Anyone engaged in time series forecasting and outlier detection should be aware of change point detection (CPD). This article will dive into CPD to help you understand what change point detection is, how it works, its implications on time series forecasting, and the best methods for tracking CPD.
What is Change Point Detection
Change points can be described as changes between segments. A change point divides a time series into two segments where each segment has its own statistical characteristics (these are mean, variance, etc.).
Change point detection (CPD) is used across a variety of different fields. In medical condition monitoring, for example, CPD helps to monitor the health condition of a patient. For speech recognition, it is used to detect changes in vocal frequency. In weather forecasting, it helps monitor changes in temperature to signal potential storms.
CPD is especially useful for:
- Detecting anomalous sequences/states in a time series
- Detecting the average velocity of unique states in a time series
- Detecting a sudden change in a time series state in real time
Let’s take a closer look at why we actually need CPD.
A good example of CPD is an iWatch when it is monitoring a person’s heart rate. A person runs for a quarter-mile, walks for fifteen minutes, and then runs for another quarter mile. Accordingly, the heart rate data will show a cluster of higher heart rate data, then lower heart rate data, and then again for the higher rate.
The changes in the time series reveal the changes in the person’s physical activity. Data analysts see these changes and can analyze them to get a more complete picture of an individual’s well-being while they are physically active.
In the Intensive Care Unit, the heart rate of individuals is monitored the same way. CPD helps to quickly detect any changes in heart rate and instantly informs medical professionals should the need arise.
Different types of change points
There are four main types of change points. Let’s take a closer look at each of them.
Change in mean
This is the most common type of change point. It is also the easiest to visually identify. It occurs when a time series can be divided into different constant segments with different mean values. The Cumsum algorithm is the earliest one for detecting changes in mean. This algorithm is applied for quality control in manufacturing.
Change in variance
With a change in variance, the mean value of the signal remains constant. However, several other segments will show different variance values. One can detect a change in the mean and variance by comparing the statistical properties of the signal.
Change in pattern
Changes in pattern can occur in, for example, electrocardiogram signals. One way to detect them is to use Wasserstein distances between empirical distributions. At this point, it becomes evident that change point detection is related to anomaly detection.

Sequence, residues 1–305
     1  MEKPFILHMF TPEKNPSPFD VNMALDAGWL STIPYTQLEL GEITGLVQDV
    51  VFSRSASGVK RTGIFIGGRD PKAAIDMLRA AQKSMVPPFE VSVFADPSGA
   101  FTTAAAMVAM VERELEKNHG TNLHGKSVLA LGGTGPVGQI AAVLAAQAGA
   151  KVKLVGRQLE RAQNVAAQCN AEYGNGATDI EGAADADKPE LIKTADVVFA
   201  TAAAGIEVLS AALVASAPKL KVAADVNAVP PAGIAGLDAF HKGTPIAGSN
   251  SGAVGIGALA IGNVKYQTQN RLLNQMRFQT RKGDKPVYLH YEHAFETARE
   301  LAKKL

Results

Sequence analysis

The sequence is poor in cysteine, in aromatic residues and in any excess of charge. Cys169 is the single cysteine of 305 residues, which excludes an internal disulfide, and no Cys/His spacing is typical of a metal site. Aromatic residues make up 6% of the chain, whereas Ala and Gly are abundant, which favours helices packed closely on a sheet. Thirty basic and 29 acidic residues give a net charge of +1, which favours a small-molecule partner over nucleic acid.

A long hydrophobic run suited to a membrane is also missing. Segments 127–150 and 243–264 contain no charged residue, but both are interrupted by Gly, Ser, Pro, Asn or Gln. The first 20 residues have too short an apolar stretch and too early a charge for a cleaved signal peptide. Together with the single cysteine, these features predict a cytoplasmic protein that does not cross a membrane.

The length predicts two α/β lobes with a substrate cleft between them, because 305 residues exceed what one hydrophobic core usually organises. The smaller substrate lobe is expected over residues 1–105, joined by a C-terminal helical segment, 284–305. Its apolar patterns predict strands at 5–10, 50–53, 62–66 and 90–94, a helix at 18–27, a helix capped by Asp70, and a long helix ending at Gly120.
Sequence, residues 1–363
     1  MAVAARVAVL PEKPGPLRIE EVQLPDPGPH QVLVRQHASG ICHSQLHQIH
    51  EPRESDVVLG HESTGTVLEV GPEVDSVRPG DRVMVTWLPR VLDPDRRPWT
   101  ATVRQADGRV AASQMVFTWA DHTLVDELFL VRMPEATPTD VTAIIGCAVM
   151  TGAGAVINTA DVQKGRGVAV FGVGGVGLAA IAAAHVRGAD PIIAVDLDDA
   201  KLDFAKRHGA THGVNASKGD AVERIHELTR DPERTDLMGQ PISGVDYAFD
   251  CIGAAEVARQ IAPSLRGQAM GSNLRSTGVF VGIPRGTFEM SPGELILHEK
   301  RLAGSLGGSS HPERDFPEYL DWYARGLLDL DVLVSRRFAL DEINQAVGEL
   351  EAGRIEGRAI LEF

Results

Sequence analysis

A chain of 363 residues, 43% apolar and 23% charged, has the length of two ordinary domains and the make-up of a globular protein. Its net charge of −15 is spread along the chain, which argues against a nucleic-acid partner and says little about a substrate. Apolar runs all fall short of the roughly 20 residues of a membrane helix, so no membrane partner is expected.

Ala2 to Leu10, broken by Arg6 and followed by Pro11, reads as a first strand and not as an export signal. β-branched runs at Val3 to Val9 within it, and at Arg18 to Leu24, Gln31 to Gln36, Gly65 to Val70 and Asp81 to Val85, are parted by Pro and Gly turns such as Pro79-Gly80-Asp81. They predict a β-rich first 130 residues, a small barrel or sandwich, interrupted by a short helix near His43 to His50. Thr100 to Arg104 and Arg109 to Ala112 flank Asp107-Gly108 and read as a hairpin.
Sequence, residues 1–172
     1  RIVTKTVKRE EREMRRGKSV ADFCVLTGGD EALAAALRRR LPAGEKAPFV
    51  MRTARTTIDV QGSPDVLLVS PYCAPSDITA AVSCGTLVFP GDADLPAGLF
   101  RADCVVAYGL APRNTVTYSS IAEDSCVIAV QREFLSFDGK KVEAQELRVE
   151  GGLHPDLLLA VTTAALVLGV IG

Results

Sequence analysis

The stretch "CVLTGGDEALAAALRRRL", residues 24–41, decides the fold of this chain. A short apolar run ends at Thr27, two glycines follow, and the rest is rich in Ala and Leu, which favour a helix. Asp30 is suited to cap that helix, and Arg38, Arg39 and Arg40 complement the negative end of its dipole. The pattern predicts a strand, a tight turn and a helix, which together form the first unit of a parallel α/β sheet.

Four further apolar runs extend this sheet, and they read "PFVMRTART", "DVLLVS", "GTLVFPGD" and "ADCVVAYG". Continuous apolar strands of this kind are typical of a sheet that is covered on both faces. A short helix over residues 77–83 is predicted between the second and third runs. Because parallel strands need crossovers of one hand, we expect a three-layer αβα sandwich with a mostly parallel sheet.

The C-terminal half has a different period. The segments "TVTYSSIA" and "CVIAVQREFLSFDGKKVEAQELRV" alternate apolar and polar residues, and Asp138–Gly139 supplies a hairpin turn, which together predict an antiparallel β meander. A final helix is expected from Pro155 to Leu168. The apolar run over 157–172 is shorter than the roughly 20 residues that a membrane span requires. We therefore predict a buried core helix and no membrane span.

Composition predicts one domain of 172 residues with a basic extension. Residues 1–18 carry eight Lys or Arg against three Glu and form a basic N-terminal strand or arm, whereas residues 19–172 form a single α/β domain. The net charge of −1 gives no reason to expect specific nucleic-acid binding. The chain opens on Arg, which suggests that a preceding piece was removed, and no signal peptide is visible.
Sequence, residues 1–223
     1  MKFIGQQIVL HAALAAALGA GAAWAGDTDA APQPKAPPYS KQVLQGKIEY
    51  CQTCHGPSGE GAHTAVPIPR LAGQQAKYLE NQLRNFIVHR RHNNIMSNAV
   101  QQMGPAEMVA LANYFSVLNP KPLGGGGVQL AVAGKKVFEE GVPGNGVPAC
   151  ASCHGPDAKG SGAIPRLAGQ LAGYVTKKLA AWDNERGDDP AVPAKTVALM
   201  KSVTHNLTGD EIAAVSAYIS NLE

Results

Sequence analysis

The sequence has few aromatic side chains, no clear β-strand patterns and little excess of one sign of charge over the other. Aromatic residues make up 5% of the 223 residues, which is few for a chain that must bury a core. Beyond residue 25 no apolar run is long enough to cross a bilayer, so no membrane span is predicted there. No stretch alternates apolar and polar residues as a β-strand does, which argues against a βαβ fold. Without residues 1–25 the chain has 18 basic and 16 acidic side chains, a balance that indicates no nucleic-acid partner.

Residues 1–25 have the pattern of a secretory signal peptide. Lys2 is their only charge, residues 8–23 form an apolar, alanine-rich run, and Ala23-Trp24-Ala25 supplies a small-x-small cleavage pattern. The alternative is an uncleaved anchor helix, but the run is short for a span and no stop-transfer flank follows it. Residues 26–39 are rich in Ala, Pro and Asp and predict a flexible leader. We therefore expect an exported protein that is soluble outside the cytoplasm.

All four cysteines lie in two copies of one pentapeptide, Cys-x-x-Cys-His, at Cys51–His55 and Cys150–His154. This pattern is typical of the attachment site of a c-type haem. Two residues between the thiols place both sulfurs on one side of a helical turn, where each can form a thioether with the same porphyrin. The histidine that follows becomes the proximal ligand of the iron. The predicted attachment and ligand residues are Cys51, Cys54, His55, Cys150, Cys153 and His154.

Change in periodicity (change in frequency)
Change in periodicity, or frequency, is defined by a change in time series with cyclic properties (for example, a machine’s regime). The change in periodicity occurs when the frequency changes suddenly. This kind of change can be detected in the frequency domain.
There are many other types of change points, depending on the underlying structure of the signal. Usually, the more complex the signal, the more difficult it is to detect the change point.
How to Detect Change Points
The methods for change points detection are practically infinite. Several packages for this have been implemented in R and Python. Most of the packages provide hyperparameters that are helpful to optimize change point detection. Still, many packages are not standard. Some of them are able to calculate the costs but cannot identify real change points. Others are just not well-maintained.
Some of the most popular and most well-established and maintained examples of packages are:
- In R, the following packages are dedicated to change point detection: changepoint, kcpRS, or bcp.
- In Python, the ruptures packages are completely dedicated to change point detection. Other packages such as prophet, luminaire, and scikit-multiflow include, among other features, change point or drift detection.
The most common method for change point detection is the sliding window method. The basic idea is to walk through a signal with a fixed size window. For each step, the function calculates the probability of having a change point in the current window. This is called the cost function. For each signal point, we get a cost value which indicates whether there is a change at this point or not. Typically, costs are “low” if there are no changes in the window and “high” if such changes occur. For instance, if the costs exceed a predefined threshold, the point is marked as a change point.
To detect changes in the mean, you can use the standard deviation such as a cost function. If the signal is constant, the standard deviation is low. If there is a jump in the signal, the standard deviation will rise accordingly.
The window approach can have various extensions. There may be two windows, past and future. You can then determine the point of change by comparing the cost of the two windows. This idea was also used to test the generalized log-likelihood ratio.
The question of how to choose the right change point detection method is key and depends on many factors. Since there are many approaches and methods, we’re gone through some of the most popular factors for coming to a reasonable conclusion.
However, in order to avoid confusion and find the best option for change point detection, you’ll need the help of professionals. Unicsoft is always here to take you through all the innovative and relevant technological developments.